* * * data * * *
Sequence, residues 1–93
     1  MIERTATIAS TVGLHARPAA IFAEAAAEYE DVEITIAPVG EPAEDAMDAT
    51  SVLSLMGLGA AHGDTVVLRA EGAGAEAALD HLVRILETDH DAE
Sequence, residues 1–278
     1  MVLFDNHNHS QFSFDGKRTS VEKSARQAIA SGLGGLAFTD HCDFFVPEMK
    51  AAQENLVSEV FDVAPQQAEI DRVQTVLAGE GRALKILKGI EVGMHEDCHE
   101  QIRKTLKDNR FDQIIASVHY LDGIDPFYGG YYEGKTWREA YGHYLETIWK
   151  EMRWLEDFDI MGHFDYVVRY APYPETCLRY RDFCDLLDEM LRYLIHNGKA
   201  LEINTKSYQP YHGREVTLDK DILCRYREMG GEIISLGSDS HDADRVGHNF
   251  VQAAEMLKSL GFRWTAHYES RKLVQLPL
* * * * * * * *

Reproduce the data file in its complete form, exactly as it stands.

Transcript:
Sequence, residues 1–93
     1  MIERTATIAS TVGLHARPAA IFAEAAAEYE DVEITIAPVG EPAEDAMDAT
    51  SVLSLMGLGA AHGDTVVLRA EGAGAEAALD HLVRILETDH DAE
Sequence, residues 1–278
     1  MVLFDNHNHS QFSFDGKRTS VEKSARQAIA SGLGGLAFTD HCDFFVPEMK
    51  AAQENLVSEV FDVAPQQAEI DRVQTVLAGE GRALKILKGI EVGMHEDCHE
   101  QIRKTLKDNR FDQIIASVHY LDGIDPFYGG YYEGKTWREA YGHYLETIWK
   151  EMRWLEDFDI MGHFDYVVRY APYPETCLRY RDFCDLLDEM LRYLIHNGKA
   201  LEINTKSYQP YHGREVTLDK DILCRYREMG GEIISLGSDS HDADRVGHNF
   251  VQAAEMLKSL GFRWTAHYES RKLVQLPL